To begin with, the base with which they are made is a major difference between the two dairy products. Yogurt is made of milk which is fermented – this milk can come from a variety of animals, including cows, goats, sheep, and even yaks. Soy milk is also utilised in order to produce soy yogurt. Sour cream, on the other hand, is made from pasteurised cream which becomes thick and tart over time, either by itself or with the addition of a bacterial culture – many recipes for homemade sour cream call for vinegar to be added to regular cream.
In addition to the base, the bacteria used in the process of creating sour cream and yogurt are also different. Sour cream is made by adding bacteria like Streptococcus lactis or Streptococcus cremoris, which is followed up by Leuconostoc citrovorum, added in order to thicken the cream and develop an element of acidity. The fermentation process is then stopped with the re-pasteurisation of the cream. Yogurt, on the other hand, does not require re-pasteurisation – it is made by using Streptococcus thermophilus and either Lactobacillus acidophilus or L. bulgaricus.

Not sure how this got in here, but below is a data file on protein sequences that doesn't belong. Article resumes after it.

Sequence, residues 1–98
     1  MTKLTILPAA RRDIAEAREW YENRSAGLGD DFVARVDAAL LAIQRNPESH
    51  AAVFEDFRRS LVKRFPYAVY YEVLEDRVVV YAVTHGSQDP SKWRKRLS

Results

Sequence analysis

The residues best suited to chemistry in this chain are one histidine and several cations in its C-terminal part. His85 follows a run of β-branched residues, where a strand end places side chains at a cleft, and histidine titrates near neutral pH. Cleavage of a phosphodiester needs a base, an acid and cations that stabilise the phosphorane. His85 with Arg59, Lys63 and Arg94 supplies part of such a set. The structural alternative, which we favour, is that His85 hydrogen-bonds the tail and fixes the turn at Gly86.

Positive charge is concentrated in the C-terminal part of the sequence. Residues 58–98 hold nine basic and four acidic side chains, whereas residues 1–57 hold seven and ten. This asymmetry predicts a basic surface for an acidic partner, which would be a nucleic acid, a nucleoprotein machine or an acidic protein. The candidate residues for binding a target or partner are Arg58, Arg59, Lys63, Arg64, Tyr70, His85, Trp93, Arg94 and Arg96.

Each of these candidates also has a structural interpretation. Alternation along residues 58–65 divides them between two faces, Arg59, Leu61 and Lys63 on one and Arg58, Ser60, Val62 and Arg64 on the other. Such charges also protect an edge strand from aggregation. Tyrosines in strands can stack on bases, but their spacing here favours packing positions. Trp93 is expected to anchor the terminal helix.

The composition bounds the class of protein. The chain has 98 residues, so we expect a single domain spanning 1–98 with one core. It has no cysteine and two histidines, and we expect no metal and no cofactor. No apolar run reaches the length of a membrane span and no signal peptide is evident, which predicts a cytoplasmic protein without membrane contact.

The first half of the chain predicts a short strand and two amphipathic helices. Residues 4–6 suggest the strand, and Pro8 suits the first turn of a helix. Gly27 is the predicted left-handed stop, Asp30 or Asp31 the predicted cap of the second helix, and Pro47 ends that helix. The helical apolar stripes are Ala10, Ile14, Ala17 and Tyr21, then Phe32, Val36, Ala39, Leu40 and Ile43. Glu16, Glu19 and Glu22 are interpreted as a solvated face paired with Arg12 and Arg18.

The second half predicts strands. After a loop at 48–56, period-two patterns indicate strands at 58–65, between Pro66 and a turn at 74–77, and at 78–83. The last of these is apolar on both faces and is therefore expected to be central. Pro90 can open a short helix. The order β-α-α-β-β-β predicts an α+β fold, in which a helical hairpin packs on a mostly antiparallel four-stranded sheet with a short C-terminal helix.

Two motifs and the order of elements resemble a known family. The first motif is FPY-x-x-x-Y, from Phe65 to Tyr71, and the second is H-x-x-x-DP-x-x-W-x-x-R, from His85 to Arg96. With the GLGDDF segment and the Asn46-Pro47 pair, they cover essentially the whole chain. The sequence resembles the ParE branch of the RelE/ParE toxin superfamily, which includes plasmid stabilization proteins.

Sour cream and yogurt are often considered interchangeable, and while they can be used as substitutes for each other in certain circumstances, their primary uses are very different. Sour cream is used primarily as a condiment, mixed into dips for chips and quesadillas, drizzled atop fruits, added into salads, or used to dress baked potatoes. Yogurt, on the other hand, can be eaten on its own as a snack, with chunks of fruit added in. In addition, it is also used as a base for healthy smoothies and milkshakes.
Owing to the differences in their production processes, the nutritional value of sour cream and yogurt is also fairly different. Yogurt is healthier and less fattening – a 100g of yogurt contains 94 calories, while the same amount of sour cream contains 181 calories. Both dairy products contain vitamin C and calcium, but sour cream also contains vitamin A, which yogurt lacks.